For most of 2015, I have been writing about how the U.S. economy is growing at a very slow pace, if it’s growing at all. The just-released U.S. gross domestic product (GDP) numbers for the first quarter of 2015 confirm this; the economy grew at an annual pace of just 0.2% in the first quarter of this year. But a closer look at the GDP numbers reveals something worse than meager growth.
U.S. Economy Growing or Contracting?
There are several areas of concern in the GDP numbers.
If I take out the inventory buildup component of first-quarter GDP (that’s how much inventories have gone up within businesses), there was no growth in the U.S. economy in the first three months of 2015. Private inventories have been increasing significantly. In the first quarter of 2015, they grew by $110 billion after increasing $80.0 billion in the fourth quarter of 2014. If I take out the surge in private inventories, GDP would have grown at only 0.05% in the first three months of 2015. (Source: Bureau of Economic Analysis, April 29, 2015.)
Consumption, the biggest portion of the GDP calculation, increased only 1.9% in the first quarter of 2015, compared to an increase of 4.4% in the fourth quarter—a plunge in consumption of over 55%.
The 0.2% increase in first-quarter GDP is from advance economic data collected by the Bureau of Economic Analysis (BEA). There are two more revisions to the first-quarter GDP numbers. I expect revisions to the downside once all the final data is in.
Economic Data Remain Bleak
The real problem with economic growth in this country is the weak consumption. Americans are struggling and many still can’t afford basic necessities like food. As of January of 2015, over 46 million Americans were still using food stamps in the U.S. This represents 14.5% of the entire U.S. population. (Source: U.S. Department of Agriculture, April 10, 2105.)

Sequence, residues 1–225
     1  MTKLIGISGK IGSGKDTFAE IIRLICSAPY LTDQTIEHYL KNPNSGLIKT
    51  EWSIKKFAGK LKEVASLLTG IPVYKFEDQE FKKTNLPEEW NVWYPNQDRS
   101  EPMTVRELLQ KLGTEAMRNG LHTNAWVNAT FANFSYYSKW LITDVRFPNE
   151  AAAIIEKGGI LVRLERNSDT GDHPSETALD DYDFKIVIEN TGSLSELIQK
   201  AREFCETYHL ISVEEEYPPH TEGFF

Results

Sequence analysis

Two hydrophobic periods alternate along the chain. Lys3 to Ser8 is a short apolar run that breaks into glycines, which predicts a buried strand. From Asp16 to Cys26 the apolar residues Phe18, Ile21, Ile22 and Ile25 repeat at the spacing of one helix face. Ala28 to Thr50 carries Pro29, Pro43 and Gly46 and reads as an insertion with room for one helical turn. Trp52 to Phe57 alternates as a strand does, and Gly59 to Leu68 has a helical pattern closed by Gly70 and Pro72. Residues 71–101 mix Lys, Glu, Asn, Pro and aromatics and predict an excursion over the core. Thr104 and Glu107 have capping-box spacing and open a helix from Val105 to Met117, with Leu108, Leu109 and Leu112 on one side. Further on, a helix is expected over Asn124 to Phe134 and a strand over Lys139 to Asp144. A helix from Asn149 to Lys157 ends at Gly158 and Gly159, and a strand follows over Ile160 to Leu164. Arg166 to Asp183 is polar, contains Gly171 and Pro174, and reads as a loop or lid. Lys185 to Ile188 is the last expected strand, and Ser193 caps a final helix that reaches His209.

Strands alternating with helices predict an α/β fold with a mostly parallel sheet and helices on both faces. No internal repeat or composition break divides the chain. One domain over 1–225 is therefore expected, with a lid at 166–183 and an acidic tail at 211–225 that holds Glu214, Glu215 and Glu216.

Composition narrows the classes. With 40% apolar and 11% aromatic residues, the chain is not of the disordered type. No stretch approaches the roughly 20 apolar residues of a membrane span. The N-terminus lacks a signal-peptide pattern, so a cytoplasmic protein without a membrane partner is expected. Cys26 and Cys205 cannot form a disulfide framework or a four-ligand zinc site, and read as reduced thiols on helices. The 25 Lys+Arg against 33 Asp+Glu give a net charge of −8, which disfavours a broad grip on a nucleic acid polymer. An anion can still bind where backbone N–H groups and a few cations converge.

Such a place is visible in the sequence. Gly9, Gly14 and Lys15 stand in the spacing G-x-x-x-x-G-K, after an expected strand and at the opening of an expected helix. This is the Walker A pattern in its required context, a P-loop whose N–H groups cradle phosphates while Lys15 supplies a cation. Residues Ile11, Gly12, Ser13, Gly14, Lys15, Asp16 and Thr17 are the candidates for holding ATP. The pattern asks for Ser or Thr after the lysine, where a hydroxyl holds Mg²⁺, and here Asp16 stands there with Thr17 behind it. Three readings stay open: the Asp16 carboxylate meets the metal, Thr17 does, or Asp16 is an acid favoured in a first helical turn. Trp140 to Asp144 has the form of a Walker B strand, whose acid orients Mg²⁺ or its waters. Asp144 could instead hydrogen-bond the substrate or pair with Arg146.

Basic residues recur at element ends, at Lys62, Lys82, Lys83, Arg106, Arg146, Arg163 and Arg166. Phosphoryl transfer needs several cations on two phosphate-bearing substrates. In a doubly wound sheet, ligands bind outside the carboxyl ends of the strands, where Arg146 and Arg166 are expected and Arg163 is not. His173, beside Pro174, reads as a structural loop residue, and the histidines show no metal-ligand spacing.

Since the so-called recovery began for the U.S. economy, the biggest influx in job creation has been in retail jobs and part-time jobs. The individuals with these jobs are not making enough money to make a positive impact on personal consumption.
Outlook for 2015: Lackluster
To me, first-quarter GDP numbers are confirmation of the growth (or lack thereof) in the U.S. economy. What the mainstream media and politicians have been telling us is happening just isn’t true. There is no real growth in the U.S. economy.
Is it just me or does it seem that since the Federal Reserve stopped printing paper money, the U.S. economy has stalled? After all, corporate earnings growth and revenue growth both turned negative in the first quarter of 2015.
The Federal Reserve is stuck between a rock and hard place. Starting last year, the Fed told the world that the U.S. economy is doing better and that it would start to raise interest rates. But now, in 2015, the economy has stalled. Does the Fed face the embarrassment of being totally wrong on growth and cancel its plan to raise rates or does it raise rates to save face?
When it comes to interest rates, I believe four things:
1) The Federal Reserve will raise rates to save face and show the world that the U.S. economy is growing and that an interest rate hike is needed to cool that growth.
2) The Fed will look at the growth in U.S. jobs as its key gauge of growth. The closer we get to a five-percent unemployment rate, the quicker that rate increase will come.
3) The markets have already priced in a quarter-point increase in rates.
4) A quarter-point increase in rates will have very little impact on the U.S. economy. It’s the increases after the first rate hike, if there are more, which will cause problems.